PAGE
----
Because of the diversity in the district’s tax base and the type of bond—a general obligation tax-exempt municipal bond—it could represent one of the highest quality securities investments on the market, which could mean a good deal for the district if it is offered on the right day, he says.
Some of the security of investing in that type of bond comes from the “general obligation” repayment, which means the “interest that investors earn is backed by the full faith and credit of the school district,” he says.
With that, the school district is rated as a 1-A bond issuer, which is the third highest rating for security. Through a state “intercept” program, the Colorado Department of Education insures bond payments, boosting the district to a 2-A rating.
The only step that could be taken to further improve the district’s rating would be to seek outside bond insurance. But Snidow says that after the latest bout of financial trouble, most bond insurance companies have found themselves out of business.
The other option the district has if the market doesn’t improve is to hold the bond, which it can do for up to three years. The entire bond could be kept off the market or, because of the rapid pace of the planned renovations, pieces could be issued as they are needed.
“We have discussed staging it a bit. We would have to look at all of those options before we could make any of those decisions,” says school board president MJ Vosburg. “We might decide to issue $10 million of them then watch the market to see when to sell some of the others. It depends on the market and what interest rates are doing.”
According to Snidow, a bond of $10 million or less can draw investment from local banks and possibly decrease the interest rate by as much as a quarter of a percent.
There are disadvantages in how that type of funding will affect the renovation process. By holding the bond and leaving the projects untouched, the prices will continue to increase and eventually the $55 million bond will not be enough to cover the costs of the projects.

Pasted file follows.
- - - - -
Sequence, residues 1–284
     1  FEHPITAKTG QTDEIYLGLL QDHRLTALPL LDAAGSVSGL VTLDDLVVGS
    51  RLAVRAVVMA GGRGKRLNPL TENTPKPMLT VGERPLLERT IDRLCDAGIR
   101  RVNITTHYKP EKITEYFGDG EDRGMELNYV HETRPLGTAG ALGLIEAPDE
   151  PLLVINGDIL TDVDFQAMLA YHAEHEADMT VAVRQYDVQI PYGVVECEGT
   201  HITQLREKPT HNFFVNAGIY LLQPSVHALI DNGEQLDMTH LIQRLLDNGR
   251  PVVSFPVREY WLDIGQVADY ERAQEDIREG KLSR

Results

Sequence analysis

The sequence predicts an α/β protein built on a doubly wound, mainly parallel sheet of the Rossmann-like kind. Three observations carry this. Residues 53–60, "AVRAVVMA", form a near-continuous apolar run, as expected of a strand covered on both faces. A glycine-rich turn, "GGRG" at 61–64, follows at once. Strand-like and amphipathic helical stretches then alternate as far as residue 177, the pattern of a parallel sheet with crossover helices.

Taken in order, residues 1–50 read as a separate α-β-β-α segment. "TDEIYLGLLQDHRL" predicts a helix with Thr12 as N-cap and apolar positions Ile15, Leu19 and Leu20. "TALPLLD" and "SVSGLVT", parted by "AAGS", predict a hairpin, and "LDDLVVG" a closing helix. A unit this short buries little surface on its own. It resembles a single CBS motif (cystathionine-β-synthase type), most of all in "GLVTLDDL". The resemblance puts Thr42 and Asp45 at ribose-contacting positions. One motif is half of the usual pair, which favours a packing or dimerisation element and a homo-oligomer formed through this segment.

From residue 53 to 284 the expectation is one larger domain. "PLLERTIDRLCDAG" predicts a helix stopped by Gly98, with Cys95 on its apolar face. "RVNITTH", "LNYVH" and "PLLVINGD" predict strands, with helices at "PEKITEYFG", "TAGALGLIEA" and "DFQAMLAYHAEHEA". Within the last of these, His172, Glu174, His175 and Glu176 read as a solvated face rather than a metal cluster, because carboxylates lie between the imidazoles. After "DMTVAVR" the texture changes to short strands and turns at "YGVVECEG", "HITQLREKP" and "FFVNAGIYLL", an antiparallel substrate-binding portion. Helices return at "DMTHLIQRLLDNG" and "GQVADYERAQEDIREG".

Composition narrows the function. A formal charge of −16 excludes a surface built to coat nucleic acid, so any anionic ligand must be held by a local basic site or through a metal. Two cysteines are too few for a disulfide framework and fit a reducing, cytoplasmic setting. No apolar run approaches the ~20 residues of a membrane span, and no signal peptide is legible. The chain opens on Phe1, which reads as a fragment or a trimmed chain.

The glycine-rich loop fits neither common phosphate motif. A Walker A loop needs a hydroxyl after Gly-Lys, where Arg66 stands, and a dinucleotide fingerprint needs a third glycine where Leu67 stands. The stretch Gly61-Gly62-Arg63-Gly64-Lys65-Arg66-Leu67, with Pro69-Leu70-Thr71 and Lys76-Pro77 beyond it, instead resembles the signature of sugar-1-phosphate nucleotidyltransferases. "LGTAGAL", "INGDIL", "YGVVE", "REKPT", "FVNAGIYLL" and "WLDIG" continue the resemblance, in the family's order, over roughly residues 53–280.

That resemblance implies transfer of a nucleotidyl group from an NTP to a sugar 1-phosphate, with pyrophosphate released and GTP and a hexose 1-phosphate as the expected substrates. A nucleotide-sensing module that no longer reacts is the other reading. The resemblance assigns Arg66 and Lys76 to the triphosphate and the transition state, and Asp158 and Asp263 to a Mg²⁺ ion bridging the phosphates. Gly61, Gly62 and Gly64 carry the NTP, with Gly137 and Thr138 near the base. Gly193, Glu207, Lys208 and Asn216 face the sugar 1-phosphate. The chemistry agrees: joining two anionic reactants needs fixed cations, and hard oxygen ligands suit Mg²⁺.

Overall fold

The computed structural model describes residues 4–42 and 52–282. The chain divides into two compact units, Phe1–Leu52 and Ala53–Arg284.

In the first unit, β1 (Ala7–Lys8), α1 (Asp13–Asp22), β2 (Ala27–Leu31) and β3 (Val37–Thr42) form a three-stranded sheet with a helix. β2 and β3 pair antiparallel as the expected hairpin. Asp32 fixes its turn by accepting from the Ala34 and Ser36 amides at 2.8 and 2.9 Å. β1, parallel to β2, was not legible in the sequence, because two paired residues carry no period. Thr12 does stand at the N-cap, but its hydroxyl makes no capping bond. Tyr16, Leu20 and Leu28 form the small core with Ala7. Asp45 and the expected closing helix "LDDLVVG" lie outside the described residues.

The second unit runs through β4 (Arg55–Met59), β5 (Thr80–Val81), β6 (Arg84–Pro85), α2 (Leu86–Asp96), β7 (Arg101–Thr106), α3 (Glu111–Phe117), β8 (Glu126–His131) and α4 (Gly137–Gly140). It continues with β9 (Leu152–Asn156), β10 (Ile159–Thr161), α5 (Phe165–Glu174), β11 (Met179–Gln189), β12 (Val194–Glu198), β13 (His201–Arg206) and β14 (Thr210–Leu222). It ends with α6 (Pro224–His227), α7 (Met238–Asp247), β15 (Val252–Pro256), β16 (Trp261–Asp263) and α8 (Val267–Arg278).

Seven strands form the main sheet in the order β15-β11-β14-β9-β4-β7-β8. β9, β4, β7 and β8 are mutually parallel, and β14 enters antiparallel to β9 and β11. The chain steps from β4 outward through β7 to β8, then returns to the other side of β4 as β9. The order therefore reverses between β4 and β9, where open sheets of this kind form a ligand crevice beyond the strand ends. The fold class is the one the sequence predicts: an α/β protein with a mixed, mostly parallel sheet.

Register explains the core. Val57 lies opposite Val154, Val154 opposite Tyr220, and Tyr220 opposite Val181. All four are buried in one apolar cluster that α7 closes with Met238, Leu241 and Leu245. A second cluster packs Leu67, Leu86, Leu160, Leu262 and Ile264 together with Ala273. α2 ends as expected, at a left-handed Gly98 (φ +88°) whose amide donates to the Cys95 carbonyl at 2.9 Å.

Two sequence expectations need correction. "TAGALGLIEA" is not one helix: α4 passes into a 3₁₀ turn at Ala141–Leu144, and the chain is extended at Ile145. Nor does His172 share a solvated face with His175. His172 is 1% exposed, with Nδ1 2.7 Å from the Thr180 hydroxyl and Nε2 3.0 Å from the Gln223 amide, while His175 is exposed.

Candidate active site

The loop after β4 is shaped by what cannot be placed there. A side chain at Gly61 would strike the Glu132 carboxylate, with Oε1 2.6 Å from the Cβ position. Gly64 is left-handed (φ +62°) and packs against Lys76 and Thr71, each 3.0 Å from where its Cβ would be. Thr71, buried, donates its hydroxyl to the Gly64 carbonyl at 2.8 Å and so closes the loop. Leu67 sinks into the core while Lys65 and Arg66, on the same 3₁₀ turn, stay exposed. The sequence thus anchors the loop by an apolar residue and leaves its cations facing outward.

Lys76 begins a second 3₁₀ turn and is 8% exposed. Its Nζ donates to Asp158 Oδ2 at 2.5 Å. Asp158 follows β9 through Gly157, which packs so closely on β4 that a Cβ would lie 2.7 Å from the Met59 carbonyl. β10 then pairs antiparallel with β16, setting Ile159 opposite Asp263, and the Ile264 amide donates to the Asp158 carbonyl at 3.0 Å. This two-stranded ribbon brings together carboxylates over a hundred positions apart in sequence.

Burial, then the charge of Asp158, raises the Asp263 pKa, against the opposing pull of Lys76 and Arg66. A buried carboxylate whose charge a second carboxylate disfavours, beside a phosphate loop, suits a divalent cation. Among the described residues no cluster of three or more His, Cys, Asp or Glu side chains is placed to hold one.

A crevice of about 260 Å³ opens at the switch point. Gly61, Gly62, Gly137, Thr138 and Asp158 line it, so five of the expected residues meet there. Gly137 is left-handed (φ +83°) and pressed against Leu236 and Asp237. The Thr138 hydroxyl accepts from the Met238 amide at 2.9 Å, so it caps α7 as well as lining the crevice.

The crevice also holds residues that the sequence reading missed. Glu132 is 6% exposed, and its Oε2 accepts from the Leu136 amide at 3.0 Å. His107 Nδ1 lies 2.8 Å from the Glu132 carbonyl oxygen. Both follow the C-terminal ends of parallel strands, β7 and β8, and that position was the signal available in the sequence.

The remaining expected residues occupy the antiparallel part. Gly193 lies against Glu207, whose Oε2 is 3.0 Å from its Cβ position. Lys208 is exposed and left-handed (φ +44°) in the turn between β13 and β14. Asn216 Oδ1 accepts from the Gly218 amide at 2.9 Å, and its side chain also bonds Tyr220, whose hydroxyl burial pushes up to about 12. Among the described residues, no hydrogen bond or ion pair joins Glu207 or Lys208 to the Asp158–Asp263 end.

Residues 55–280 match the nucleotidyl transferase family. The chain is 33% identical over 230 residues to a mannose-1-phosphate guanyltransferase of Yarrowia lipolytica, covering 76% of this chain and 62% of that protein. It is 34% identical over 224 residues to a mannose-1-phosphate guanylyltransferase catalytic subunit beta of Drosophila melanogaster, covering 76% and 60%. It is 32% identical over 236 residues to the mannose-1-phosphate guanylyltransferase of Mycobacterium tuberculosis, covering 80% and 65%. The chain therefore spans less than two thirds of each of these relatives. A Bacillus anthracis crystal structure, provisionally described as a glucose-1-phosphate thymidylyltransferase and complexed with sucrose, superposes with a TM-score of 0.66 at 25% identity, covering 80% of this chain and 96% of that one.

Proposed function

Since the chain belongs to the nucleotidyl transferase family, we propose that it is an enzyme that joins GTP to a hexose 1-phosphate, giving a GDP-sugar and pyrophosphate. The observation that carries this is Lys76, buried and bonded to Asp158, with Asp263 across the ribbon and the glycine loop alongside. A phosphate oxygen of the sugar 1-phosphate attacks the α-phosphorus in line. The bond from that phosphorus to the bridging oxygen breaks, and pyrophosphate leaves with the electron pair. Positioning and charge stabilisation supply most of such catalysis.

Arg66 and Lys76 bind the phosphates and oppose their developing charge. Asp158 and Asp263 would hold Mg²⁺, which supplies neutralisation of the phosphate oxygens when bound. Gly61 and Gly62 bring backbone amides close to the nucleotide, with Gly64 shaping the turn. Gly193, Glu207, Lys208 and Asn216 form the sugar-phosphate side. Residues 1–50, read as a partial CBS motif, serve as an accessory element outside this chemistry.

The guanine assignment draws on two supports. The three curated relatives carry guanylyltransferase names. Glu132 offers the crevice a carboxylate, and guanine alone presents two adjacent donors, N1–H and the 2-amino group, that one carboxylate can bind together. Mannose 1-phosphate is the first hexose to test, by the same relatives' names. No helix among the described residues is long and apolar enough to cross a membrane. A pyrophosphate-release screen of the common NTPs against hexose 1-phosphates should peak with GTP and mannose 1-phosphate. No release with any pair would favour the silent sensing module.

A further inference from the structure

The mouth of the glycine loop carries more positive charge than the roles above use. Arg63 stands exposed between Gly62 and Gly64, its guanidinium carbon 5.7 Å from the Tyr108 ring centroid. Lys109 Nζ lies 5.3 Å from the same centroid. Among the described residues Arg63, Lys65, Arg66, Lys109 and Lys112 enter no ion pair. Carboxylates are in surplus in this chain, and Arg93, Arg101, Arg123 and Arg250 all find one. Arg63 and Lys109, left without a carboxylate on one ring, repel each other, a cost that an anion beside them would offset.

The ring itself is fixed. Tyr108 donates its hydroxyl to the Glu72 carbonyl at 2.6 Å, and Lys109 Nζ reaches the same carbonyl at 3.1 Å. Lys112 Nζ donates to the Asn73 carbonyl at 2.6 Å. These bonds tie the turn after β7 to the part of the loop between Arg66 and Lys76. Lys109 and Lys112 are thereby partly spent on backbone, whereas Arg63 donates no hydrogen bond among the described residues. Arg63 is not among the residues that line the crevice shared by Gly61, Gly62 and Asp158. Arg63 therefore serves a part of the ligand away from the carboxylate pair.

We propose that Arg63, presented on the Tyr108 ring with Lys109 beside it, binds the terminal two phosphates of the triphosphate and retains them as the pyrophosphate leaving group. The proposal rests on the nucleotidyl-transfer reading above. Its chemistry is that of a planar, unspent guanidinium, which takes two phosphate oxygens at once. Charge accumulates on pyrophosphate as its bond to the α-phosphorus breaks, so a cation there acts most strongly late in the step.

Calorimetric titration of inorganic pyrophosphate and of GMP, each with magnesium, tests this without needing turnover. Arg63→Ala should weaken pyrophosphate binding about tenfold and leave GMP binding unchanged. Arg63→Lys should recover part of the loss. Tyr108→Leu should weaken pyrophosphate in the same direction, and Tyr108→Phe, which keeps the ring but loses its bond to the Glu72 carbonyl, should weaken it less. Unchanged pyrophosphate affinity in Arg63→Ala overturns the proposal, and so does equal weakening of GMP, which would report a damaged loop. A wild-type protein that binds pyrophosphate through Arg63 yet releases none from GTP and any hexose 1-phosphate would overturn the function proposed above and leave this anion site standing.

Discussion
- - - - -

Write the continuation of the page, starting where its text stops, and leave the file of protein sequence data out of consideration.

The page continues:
“The architect has plugged in estimates about inflation and the quicker the bond is issued, the quicker the contracts can be secured and the better our chances that it doesn’t chip at the hedge he has put in for inflation,” says Snidow.
Some of the uncertainty about when the bond will sell and what the interest rate will be is the result of having so many bond initiatives on the ballot in a year of so much financial unrest. This year’s $2.6 billion in bonds will more than double the previous state record of $1 billion set two years ago.
“I don’t think they are all going to pass this year. They load the ballot up because this is a presidential election year and that tends to get the best turnout,” says Snidow, adding that 2006 was the only year he has ever seen all of the proposed bond initiatives pass.
In 2007, 75 percent of the bond issues on the ballot passed and in 2005 only 55 percent of the bonds passed. But in 2004, the year of the last presidential election, voters passed nearly 90 percent of the bonds.
“We’re starting to see the markets come back. Things are starting to calm down and I can’t guarantee that it will continue, but with the price of gas coming down and the equity markets improving, things are getting better. But win, lose or draw, people will be going to [municipal bonds] for security,” says Snidow.